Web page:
BY Jacquelyn Gonzalez
“The Last Days of Judas Iscariot” premiered on Friday in the Black Box theatre, bringing forth a roller coaster of emotions from audience members and causing them to re-evaluate their own faith and morals.
Written by professional playwright Stephen Adly Guirgis and directed by East Los Angeles College’s Rodney Lloyd Scott, the play focuses on the character of Judas and what his intentions might have been when he betrayed Christ after his three-year journey by his side.
Unable to defend his case, a comatose Judas, played by Mario Valdez, has his mother Henrietta, played by Priscilla Buelna, along with his lawyer Fabiana Aziza Cunningham, played by Marissa L. Ruiz, at his defense.
Cunningham, an Irish-Gypsy New-Yorker now residing in Purgatory, is a prideful woman with a broken past who doubts the existence of God.
On the opposing end is attorney Yusef El-Fayoumy, played by Joe Robert Mejia.
Yusef is at the defense of God and the Kingdom of Heaven and Earth.
El-Fayoumy, an Egyptian claiming to know a thing or two about being a lawyer, is an over-the-top flirtatious man who tries to use his charm to manipulate the testimonies of the witnesses.
He temporarily resides in Hell due to the Americanization of the afterlife and a delay in his paper process.
The set, completely designed by Theater Arts Department students depicts Purgatory, run by Judge Littlefield, played by Rhys Gillett.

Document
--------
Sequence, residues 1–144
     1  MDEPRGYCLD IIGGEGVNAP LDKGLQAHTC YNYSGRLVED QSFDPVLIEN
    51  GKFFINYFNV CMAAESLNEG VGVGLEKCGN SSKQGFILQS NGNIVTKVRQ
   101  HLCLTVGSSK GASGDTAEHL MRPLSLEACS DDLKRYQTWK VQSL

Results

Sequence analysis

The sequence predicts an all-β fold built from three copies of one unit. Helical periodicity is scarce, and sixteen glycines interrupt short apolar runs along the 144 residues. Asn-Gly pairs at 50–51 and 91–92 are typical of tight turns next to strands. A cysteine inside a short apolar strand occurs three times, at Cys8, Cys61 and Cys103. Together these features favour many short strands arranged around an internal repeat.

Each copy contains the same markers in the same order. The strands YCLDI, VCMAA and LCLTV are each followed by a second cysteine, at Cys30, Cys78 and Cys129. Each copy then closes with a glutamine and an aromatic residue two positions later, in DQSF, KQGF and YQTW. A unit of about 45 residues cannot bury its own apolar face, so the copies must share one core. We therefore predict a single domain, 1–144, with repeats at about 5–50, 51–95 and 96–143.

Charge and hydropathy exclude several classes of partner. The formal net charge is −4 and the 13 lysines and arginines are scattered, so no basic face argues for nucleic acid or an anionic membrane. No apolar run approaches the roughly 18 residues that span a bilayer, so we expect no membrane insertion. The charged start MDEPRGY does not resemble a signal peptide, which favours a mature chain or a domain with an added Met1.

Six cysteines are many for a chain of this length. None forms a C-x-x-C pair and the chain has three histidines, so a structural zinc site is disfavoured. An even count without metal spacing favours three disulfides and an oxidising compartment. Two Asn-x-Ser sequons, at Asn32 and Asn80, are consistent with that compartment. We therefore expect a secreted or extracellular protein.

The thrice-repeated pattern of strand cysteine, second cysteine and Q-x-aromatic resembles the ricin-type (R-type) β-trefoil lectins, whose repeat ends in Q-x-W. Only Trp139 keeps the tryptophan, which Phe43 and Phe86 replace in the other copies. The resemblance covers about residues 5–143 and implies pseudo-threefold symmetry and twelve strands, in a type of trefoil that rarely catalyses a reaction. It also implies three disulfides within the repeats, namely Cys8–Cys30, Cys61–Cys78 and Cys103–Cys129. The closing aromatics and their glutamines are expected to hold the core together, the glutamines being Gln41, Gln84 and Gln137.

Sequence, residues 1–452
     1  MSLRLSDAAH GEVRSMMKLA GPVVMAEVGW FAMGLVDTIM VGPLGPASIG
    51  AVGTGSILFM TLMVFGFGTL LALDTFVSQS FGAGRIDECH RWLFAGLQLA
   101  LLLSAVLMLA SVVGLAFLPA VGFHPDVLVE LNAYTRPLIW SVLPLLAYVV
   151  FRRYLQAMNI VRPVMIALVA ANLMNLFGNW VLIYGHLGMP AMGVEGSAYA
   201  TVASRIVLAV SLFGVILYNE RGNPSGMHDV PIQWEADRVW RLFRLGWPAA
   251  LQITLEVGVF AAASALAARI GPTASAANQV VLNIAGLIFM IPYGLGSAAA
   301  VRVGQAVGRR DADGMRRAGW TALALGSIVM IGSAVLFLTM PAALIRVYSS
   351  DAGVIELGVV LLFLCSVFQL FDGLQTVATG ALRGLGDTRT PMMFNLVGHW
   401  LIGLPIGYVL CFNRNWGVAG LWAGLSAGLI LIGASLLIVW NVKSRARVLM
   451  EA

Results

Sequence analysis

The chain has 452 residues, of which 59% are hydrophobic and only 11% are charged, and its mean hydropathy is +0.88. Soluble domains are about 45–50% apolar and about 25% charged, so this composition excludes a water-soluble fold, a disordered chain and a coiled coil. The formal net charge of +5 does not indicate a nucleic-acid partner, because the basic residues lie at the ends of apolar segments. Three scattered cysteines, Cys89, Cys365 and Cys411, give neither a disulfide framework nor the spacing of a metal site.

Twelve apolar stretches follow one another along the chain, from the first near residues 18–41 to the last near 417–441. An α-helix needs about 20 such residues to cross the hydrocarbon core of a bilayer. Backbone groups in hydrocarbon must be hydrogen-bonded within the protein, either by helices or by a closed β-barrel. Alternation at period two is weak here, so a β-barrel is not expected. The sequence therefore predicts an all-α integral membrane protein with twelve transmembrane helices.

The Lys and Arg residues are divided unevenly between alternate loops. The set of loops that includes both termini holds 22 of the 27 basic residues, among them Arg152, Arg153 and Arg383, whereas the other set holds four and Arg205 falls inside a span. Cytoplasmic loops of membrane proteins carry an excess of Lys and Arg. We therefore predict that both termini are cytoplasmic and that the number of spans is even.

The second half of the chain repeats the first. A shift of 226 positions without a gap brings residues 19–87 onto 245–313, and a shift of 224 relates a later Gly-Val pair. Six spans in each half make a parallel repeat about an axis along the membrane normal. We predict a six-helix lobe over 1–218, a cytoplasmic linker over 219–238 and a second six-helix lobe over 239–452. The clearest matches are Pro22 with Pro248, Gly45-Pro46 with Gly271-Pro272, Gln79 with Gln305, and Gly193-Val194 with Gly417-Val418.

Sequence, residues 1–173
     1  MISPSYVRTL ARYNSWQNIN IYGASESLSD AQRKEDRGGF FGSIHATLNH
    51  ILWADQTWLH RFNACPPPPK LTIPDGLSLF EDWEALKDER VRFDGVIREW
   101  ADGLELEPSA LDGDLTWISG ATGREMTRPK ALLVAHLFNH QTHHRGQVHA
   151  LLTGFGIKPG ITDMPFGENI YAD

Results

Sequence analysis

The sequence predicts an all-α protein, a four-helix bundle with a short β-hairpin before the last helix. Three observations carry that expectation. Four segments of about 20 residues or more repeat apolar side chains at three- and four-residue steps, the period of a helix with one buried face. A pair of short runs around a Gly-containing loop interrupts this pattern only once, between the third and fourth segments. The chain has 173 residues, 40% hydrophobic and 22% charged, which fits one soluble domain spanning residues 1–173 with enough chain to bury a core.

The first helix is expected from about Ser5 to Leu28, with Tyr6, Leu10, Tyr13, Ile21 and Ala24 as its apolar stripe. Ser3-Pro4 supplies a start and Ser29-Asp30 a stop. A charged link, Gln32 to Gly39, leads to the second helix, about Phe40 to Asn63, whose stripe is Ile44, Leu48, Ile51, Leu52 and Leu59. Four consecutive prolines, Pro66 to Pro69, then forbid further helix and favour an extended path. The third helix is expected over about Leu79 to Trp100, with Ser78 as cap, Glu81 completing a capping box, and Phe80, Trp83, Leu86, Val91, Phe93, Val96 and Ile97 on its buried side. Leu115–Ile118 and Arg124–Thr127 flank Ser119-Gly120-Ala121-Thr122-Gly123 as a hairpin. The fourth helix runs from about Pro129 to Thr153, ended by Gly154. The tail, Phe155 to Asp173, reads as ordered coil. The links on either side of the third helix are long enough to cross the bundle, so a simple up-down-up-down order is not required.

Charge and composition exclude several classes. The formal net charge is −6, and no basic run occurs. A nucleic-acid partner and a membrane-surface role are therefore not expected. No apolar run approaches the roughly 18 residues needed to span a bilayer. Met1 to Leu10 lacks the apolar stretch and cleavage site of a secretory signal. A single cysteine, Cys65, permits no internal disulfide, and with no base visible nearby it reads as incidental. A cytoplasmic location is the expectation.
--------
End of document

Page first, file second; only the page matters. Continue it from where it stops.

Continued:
After Cunningham’s continual insistence, going as far as to get a writ signed by God, an irritated Judge Littlefield finally agrees to open Judas’ case.
The first witness called to the stand truly tugs at the hearts of the audience.
A grieving and sorrowful Henrietta Iscariot reflects back to her son’s childhood and the moment she was most proud to be his mother.
She insists that her son was not naturally a selfish person, but the many witnesses following strive to prove otherwise.
The play evokes various emotions such as empathy, humor, compassion, hope and even shock.
Because the setting is in a court room, the audience’s minds, morals and values are challenged.
Aside from Henrietta, viewers listen to the testimonies of a diversity of people.
The wisdom of Mother Teresa, a Roman-Catholic missionary played by Cristina Carillo-Doño, is challenged by Cunningham.
This scene seemed to shock most audience members, because she is considered to be one of the holiest of women by the Catholic community.
Evan Garcia does an outstanding job of playing both Sigmund Freud, the father of psychoanalysis, and Pontius Pilate, the fifth prefect of the Roman province of Judea.
While boastful Freud and hot-tempered Pilate are both against the idea of Judas’ innocence, their personalities and accents differ drastically from one another.
Satan’s charming and deceitful nature is also captured perfectly by professional actor Durant Fowler.
Throughout the performance, the fourth wall is broken by characters such as St. Monica, played by Barrie Brown, and Gloria, an angel from heaven played by Raeya Young.
Both of these characters give the audience insight on ideas that they may otherwise not have considered.
Also breaking the fourth wall is Jesus of Nazareth, played by Jesus Betancourt.
This scene, possibly the most powerful of all, shows a very strong interaction between Christ and Judas.
The scene provokes a rollercoaster of emotions that could only be understood while watching the show, live.
Tickets for future performances as well as show times and dates are available on the ELAC website under “Upcoming Events.”
The general admission ticket price is $10.
A $2 discount is available to ASU students and can be redeemed in room P2-101B.
Tickets may also be purchased at the door for $12.